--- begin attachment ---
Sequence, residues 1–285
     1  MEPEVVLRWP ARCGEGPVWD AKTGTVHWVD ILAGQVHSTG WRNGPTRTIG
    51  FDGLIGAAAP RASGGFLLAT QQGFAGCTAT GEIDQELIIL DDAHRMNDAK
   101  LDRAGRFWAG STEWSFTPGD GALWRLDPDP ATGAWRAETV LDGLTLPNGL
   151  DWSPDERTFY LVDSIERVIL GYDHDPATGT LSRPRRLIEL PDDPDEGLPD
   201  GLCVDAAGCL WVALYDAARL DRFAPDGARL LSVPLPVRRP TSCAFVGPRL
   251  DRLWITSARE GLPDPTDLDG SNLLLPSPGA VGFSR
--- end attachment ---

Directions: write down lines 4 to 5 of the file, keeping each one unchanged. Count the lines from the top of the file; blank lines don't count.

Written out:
   101  LDRAGRFWAG STEWSFTPGD GALWRLDPDP ATGAWRAETV LDGLTLPNGL
   151  DWSPDERTFY LVDSIERVIL GYDHDPATGT LSRPRRLIEL PDDPDEGLPD